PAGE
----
Sometimes this information may be the only piece of evidence that links a terrorist suspect to an attack. It may be available to identify any co-conspirator belonging to the same terrorist cell and ultimately it can provide clues as to how that cell links to others all over the world. There are many investigations in which the crucial steer for investigators has been communications data. I know that a number of issues have been raised about this—again, I will deal with them so far as they are raised by noble Lords.

Finally, the purpose of the Retention of Communications Data (Extension of Initial Period) Order is to extend the powers of the Secretary of State in Section 104 which would otherwise lapse on 14th December this year. It will extend those powers for a further two years. The powers in question allow the Secretary of State to give directions that he considers appropriate about the retention of communications data. Before using those powers, he must consult the communications service providers to whom it will apply.

The period of nearly two years between the passage of the Act and the presenting of the code to Parliament has been taken up with the consultative process required by the Act, but during that time the threat to the United Kingdom from terrorist activity has not diminished. This extension is necessary because by the time the voluntary code of practice has been in operation for three months and reviewed, the powers under Section 104 would have lapsed. It is essential that the Secretary of State should retain the ability to make such directions. I beg to move.

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Moved, That the draft order laid before the House on 11th September be approved [28th Report from the Joint Committee].—(Lord Goldsmith.)


Baroness Blatch rose to move, as an amendment to the above Motion, to leave out all the words after "That" and insert "this House declines to approve the draft order laid before the House on 11th September".

The noble Baroness said: My Lords, I should like to take the opportunity to address all five orders and the associated amendments. I have to say that we regret that the retention orders have not been withdrawn and their inclusion on the Order Paper.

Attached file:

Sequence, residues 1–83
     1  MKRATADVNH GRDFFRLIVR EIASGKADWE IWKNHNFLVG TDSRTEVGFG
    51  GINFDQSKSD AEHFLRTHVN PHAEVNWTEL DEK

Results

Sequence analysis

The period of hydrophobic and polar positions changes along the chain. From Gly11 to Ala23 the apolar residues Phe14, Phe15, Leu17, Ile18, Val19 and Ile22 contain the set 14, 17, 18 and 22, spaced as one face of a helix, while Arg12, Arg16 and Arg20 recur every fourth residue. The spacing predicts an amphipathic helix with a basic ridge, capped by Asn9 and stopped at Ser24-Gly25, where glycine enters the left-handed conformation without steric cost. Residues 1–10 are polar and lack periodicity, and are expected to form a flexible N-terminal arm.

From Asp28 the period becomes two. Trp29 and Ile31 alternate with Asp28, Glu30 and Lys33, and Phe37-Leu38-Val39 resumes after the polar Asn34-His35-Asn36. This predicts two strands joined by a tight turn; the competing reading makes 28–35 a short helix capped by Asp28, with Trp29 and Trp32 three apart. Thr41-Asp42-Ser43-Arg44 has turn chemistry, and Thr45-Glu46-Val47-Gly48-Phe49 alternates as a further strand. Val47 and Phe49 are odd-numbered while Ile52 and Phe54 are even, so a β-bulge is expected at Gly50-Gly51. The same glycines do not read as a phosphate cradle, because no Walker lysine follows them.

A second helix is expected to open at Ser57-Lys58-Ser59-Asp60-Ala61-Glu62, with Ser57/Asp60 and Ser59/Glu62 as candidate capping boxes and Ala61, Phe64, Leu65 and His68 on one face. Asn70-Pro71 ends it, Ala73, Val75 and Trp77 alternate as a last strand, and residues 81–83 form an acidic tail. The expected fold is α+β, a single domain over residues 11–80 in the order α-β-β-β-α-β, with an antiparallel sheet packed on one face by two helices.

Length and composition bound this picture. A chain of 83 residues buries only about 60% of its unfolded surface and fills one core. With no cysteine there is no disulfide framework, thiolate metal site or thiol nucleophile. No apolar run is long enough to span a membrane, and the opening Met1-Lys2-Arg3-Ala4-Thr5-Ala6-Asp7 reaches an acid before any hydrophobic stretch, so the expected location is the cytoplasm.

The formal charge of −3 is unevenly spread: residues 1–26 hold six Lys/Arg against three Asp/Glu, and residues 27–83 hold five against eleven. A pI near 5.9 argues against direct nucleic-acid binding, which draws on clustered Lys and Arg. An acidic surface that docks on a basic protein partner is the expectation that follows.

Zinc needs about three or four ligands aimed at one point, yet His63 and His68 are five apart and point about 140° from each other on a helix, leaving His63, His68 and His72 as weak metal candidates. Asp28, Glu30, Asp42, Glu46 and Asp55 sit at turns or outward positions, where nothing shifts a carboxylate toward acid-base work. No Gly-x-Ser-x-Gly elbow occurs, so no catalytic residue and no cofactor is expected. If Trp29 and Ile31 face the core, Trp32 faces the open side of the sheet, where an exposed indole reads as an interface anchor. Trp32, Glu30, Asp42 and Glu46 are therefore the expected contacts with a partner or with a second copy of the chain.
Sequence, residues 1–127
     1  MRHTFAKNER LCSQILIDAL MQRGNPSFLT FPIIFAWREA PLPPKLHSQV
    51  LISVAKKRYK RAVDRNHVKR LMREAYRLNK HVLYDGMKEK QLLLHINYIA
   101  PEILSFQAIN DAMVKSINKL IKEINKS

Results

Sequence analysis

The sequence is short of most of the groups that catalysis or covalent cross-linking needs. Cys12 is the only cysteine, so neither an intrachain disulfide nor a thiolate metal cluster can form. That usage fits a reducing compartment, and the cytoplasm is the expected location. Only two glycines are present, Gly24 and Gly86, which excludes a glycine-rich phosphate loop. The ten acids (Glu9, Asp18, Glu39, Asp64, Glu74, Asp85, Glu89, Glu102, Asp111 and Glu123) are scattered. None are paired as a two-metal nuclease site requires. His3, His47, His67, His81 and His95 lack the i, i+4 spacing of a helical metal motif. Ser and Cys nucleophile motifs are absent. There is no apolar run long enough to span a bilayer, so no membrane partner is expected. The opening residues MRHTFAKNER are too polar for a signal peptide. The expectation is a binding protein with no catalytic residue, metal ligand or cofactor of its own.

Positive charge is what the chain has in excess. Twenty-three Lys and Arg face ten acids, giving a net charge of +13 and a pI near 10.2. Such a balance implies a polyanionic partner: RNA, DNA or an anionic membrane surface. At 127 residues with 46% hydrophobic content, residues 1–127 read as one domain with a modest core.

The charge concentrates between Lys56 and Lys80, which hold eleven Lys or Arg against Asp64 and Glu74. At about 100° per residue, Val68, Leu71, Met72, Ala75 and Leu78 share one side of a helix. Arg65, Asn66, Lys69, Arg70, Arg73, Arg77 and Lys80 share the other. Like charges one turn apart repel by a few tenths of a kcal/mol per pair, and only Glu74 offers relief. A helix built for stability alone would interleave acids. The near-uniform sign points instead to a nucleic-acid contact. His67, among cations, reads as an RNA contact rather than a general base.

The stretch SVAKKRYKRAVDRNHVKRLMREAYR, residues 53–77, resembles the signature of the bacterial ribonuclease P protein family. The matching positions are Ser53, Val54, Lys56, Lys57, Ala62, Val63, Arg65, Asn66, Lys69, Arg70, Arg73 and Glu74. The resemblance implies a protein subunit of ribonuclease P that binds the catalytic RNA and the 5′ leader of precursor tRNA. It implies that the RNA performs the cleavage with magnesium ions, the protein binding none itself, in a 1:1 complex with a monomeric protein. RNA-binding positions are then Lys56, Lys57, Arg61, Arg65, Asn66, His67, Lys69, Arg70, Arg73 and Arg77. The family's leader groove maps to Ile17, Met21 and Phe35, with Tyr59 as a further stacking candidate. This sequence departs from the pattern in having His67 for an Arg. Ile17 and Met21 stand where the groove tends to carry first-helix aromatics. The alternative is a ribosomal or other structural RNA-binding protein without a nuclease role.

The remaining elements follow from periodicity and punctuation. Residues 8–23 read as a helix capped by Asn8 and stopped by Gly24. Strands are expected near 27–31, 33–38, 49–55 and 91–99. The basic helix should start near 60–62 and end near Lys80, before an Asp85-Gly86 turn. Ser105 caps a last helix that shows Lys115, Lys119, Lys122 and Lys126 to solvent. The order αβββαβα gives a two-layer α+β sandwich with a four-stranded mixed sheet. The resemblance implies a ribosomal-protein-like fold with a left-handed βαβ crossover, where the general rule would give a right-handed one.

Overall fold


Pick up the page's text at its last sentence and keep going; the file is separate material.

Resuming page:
I thank the noble and learned Lord the Attorney-General for his speech, particularly as I believe he was posted in only last night to deal with these extremely complex orders.

These orders have had a chequered passage so far. The Home Office has not distinguished itself in the process. The parent Act for the amendments to the first three orders is, as Home Office officials and Ministers have admitted, flawed. Sadly, that means that many of our concerns that will be expressed during the course of this debate cannot properly be addressed without amendment of the primary Act. This is an issue which I hope the noble and learned Lord accepts requires urgent redress.

When these orders were produced last year, there was widespread concern about them—so much so, that the Secretary of State withdrew them. Unfortunately, when they were re-presented, they were hardly changed. When the Home Office was asked about this, officials replied that the time was used not to amend the orders but to improve the presentation of their case. Although some concerns have been allayed by the process of consultation, it still has to be recognised that the substance of the orders remains substantially unchanged from the text of a year ago, which earned the tag "snoopers charter".

The orders before us pose a huge dilemma. However, let me make one thing crystal clear right from the start. We do not underestimate the immense value of communications data in the fight against crime and terrorism. None of us on these Benches disputes that. Nor, in opposing these orders, are we seeking to obstruct or undermine the superb service that our agencies of law enforcement, especially the police, provide. Quite rightly, they have an expectation that they will be granted all appropriate means to safeguard our citizens.

We accept that some form of data retention should be part of their armoury, and we endorse the desirability, as expressed by law enforcement agencies, of having an effective system of data access in place as a matter of urgency. However, the Government's proposals in respect of data retention access justify what some have described as flawed legislation. That said, this House has a responsibility to ensure that what is enacted into law not only is fit for purpose but affords the ordinary citizen adequate protection—the more so, given the Human Rights Act.

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I recognise that several problems are more relevant to primary legislation, aspects of which are to be found at the margins of these orders. We find the first order the least controversial. The arguments put during debate on these issues in another place, coupled with discussions I have had with the noble Viscount, Lord Colville of Culross, an Assistant Surveillance Commissioner, have eased my worries. However, could the noble and learned Lord provide the answer for the questions outstanding from another place which have yet to be answered? For example, can he comment on how the proposed regime in Ireland will differ from that in England, Wales and Scotland? Why was it that the powers given to the Northern Ireland Prison Service could not have been exercised through the Northern Ireland Police Service?

To comment generally on the communications data order and the directed surveillance order, I simply make the obvious point that the Joint Committee on Human Rights highlighted grave misgivings regarding the risk of,

    "undermining the proportionality of the statutory scheme".